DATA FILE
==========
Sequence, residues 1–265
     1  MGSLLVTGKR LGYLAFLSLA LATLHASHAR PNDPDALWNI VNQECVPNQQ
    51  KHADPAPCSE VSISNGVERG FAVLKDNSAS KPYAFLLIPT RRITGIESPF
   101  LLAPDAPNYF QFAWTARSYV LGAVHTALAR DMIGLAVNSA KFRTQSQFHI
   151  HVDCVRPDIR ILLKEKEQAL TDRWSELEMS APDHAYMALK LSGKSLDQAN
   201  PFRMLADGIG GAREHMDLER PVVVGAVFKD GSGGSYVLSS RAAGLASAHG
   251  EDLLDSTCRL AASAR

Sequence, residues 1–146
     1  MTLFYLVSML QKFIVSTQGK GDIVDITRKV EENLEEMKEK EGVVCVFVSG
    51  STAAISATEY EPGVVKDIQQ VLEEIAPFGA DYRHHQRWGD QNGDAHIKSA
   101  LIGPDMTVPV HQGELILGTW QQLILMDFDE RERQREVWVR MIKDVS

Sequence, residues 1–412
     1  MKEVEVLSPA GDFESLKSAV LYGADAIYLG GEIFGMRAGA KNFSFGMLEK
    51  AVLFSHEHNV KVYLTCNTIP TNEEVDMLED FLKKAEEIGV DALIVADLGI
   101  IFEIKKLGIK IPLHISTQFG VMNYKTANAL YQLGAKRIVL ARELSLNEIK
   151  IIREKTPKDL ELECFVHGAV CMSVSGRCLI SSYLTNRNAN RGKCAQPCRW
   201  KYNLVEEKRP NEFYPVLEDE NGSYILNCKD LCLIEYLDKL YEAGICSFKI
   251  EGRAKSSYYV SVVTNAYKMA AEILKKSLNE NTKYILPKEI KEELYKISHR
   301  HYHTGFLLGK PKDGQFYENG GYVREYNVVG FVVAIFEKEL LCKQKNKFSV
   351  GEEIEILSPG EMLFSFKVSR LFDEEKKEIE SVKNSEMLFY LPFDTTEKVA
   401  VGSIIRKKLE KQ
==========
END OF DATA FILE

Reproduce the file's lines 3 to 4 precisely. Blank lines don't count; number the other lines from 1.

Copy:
    51  KHADPAPCSE VSISNGVERG FAVLKDNSAS KPYAFLLIPT RRITGIESPF
   101  LLAPDAPNYF QFAWTARSYV LGAVHTALAR DMIGLAVNSA KFRTQSQFHI